Growing up, we are taught that the first person to discover the Americas was an Italian gentleman by the name of Christopher Columbus. We are often presented with the song “Christopher Columbus sailed the ocean blue in 1492” and become perfectly indoctrinated Americans. The myth surrounding the “discovery” of our continent is a tactic by the government to keep citizens from thinking too deeply or critically about the real story of Columbus, and the true history of the “foundation” of our country, which involves enslavement and widespread genocidal violence.

The true founders of the United States were the indigenous people native to this land — not Native Americans, since “American” is a term imposed upon them by the white settlers and colonizers. The cultural practices and beliefs of these indigenous populations were rich and diverse, ranging from the Iroquois peoples of the Northeast to the Aztecs living in modern-day Mexico. The world as native people knew it was significantly altered once European contact was made. Disease ravaged, killing an estimated 95 percent of those living in North and South America.

Once Columbus set foot in the New World, he ordered the enslavement of the Taino peoples he came across and forced them to work in the unbearable conditions of mines. Plantation slavery, called the encomienda system, was put in place by Spanish colonists shortly after the first landing. Columbus’ expedition to the Americas was the precipitating event for the decimation of the native peoples he encountered.

Columbus Day was made a national holiday in 1937 by the U.S. government, mainly due to intense pressure from a Catholic group that saw it as an opportunity to celebrate Italian-American heritage. For many Italian Americans, it was a day to commemorate their identity. I believe that this is a shame since Italian Americans have so many other figures that can be used to represent their achievements and accomplishments as a community, and Columbus is certainly the wrong choice.

Many states have made adjustments to this holiday’s name already, including Alaska, Hawaii, Oregon and South Dakota. The governments in these states have decided to use the much more appropriate and respectful title of “Indigenous Peoples Day,” and choose instead to embrace and honor indigenous culture — so much of which has been taken away and pushed out by white settlers, a group of which Columbus was a founding member. Progressive cities such as Los Angeles, Denver and Phoenix, with significant native populations as opposed to other U.S. cities, have also switched the name of the day.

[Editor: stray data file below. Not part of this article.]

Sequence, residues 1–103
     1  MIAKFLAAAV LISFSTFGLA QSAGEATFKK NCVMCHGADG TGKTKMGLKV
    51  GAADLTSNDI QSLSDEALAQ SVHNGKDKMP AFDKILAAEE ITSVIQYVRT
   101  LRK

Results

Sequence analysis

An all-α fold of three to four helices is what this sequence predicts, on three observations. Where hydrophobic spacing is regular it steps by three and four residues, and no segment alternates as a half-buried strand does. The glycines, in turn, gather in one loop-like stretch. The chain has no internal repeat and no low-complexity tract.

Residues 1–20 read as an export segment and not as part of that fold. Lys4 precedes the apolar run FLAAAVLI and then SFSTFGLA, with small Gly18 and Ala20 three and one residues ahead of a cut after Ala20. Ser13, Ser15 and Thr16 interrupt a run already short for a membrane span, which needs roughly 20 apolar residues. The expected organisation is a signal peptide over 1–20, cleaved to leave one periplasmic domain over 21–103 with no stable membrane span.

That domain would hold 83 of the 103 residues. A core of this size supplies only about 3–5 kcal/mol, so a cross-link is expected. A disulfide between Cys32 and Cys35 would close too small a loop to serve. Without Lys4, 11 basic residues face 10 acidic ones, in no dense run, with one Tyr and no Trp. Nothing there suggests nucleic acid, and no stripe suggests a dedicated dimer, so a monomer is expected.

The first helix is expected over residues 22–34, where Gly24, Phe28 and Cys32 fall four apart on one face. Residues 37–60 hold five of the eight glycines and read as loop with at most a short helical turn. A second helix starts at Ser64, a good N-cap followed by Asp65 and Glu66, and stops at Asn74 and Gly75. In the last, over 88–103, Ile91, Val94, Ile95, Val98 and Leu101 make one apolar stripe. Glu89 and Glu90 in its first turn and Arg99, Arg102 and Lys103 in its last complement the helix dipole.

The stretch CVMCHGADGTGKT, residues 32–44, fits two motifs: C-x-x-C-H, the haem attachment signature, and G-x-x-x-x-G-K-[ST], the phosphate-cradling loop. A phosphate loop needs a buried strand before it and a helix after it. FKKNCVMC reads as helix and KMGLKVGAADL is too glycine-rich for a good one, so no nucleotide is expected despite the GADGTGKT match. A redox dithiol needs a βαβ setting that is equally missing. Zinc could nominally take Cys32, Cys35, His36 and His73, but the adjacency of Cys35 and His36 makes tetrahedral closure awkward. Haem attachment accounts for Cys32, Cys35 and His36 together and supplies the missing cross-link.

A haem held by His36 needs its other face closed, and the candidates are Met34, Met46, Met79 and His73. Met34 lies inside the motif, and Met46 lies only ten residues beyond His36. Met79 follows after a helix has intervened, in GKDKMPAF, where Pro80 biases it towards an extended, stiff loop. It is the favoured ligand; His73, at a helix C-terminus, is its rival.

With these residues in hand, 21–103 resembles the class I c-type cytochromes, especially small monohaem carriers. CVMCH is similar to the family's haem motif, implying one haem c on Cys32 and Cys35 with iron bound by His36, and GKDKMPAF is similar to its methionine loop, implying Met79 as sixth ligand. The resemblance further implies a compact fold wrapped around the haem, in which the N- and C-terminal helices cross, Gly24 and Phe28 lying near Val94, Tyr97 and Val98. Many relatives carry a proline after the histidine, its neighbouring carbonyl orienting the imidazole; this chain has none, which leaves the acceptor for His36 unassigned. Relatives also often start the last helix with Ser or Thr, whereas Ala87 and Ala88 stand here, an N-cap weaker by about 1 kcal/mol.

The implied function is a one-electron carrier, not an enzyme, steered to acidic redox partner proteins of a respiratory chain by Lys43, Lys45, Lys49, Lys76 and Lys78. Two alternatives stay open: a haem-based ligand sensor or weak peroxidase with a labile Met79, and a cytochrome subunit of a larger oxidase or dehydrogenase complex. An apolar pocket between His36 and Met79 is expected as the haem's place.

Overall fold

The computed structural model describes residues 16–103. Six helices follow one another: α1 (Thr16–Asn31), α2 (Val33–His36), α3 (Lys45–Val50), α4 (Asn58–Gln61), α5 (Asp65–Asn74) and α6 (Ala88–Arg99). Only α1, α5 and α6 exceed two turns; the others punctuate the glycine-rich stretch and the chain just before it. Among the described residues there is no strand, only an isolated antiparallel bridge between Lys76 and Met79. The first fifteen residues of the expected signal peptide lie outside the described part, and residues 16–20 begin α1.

I would like to see New York City, set an example by shifting the thinking about the origins of our nation to understanding that Columbus is not a figure worthy of celebration, but one to be disgusted by and denounce the actions of. He paved the way for future conquistadors to come and dismantle the culture of natives, such as Francisco Pizzaro, who conquered the Inca Empire in South America, and Hernando Cortes, who pillaged and destroyed Aztec settlements in Mexico. Columbus himself wasn’t responsible for all of the suffering native peoples endured, but he symbolized the beginning of the end for the people that first settled the land we now know as the Americas.

I think that all millennials and college students have the obligation to stand up for injustice and attempt to right the wrongs our ancestors and previous generations have created, or, at the very least, acknowledge the historical background of problems that continue to permeate our society today. Let us be the generation that refuses to commemorate a horrible man who represents the genocide of the native people of our country. Let us turn the tide and demand the holiday we celebrate at the beginning of October to honor those who lived in this land for centuries before we ever arrived, and those who endured massive suffering at the hands of European conquerors, and yet still survive to this day. We must demand the renaming of Columbus Day.

Sam Backner is an undeclared freshman.